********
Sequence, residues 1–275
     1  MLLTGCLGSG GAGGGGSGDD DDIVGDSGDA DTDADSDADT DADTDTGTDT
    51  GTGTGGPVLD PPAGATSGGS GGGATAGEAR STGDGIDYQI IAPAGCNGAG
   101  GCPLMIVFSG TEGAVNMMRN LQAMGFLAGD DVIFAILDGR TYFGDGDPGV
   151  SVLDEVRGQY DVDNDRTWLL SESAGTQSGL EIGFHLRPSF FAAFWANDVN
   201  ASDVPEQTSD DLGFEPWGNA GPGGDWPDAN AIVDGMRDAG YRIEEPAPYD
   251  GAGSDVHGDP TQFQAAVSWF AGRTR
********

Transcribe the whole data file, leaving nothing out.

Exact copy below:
Sequence, residues 1–275
     1  MLLTGCLGSG GAGGGGSGDD DDIVGDSGDA DTDADSDADT DADTDTGTDT
    51  GTGTGGPVLD PPAGATSGGS GGGATAGEAR STGDGIDYQI IAPAGCNGAG
   101  GCPLMIVFSG TEGAVNMMRN LQAMGFLAGD DVIFAILDGR TYFGDGDPGV
   151  SVLDEVRGQY DVDNDRTWLL SESAGTQSGL EIGFHLRPSF FAAFWANDVN
   201  ASDVPEQTSD DLGFEPWGNA GPGGDWPDAN AIVDGMRDAG YRIEEPAPYD
   251  GAGSDVHGDP TQFQAAVSWF AGRTR